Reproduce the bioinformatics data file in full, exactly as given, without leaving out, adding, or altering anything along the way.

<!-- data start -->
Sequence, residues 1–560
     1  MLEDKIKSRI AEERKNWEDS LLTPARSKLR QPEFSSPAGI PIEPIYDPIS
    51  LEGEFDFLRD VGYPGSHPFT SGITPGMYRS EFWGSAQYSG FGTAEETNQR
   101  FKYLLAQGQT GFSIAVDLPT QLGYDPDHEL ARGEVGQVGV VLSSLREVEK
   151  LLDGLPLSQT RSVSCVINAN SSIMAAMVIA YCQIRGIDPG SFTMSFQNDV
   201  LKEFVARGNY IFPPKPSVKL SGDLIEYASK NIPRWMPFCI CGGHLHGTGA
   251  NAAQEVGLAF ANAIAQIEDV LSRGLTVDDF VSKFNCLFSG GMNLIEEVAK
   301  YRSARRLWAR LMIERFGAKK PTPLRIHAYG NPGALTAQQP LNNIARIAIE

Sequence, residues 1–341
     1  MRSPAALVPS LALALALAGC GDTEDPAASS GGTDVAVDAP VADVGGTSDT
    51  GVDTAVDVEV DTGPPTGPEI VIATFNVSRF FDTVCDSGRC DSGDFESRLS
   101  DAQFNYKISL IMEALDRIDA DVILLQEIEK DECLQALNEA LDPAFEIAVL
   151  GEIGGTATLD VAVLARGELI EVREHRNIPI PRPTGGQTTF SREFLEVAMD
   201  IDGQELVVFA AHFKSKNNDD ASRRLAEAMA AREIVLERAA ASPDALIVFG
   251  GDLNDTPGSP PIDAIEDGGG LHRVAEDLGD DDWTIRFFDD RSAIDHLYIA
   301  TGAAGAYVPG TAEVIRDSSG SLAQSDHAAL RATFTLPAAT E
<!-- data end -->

Sequence, residues 1–560
     1  MLEDKIKSRI AEERKNWEDS LLTPARSKLR QPEFSSPAGI PIEPIYDPIS
    51  LEGEFDFLRD VGYPGSHPFT SGITPGMYRS EFWGSAQYSG FGTAEETNQR
   101  FKYLLAQGQT GFSIAVDLPT QLGYDPDHEL ARGEVGQVGV VLSSLREVEK
   151  LLDGLPLSQT RSVSCVINAN SSIMAAMVIA YCQIRGIDPG SFTMSFQNDV
   201  LKEFVARGNY IFPPKPSVKL SGDLIEYASK NIPRWMPFCI CGGHLHGTGA
   251  NAAQEVGLAF ANAIAQIEDV LSRGLTVDDF VSKFNCLFSG GMNLIEEVAK
   301  YRSARRLWAR LMIERFGAKK PTPLRIHAYG NPGALTAQQP LNNIARIAIE

Sequence, residues 1–341
     1  MRSPAALVPS LALALALAGC GDTEDPAASS GGTDVAVDAP VADVGGTSDT
    51  GVDTAVDVEV DTGPPTGPEI VIATFNVSRF FDTVCDSGRC DSGDFESRLS
   101  DAQFNYKISL IMEALDRIDA DVILLQEIEK DECLQALNEA LDPAFEIAVL
   151  GEIGGTATLD VAVLARGELI EVREHRNIPI PRPTGGQTTF SREFLEVAMD
   201  IDGQELVVFA AHFKSKNNDD ASRRLAEAMA AREIVLERAA ASPDALIVFG
   251  GDLNDTPGSP PIDAIEDGGG LHRVAEDLGD DDWTIRFFDD RSAIDHLYIA
   301  TGAAGAYVPG TAEVIRDSSG SLAQSDHAAL RATFTLPAAT E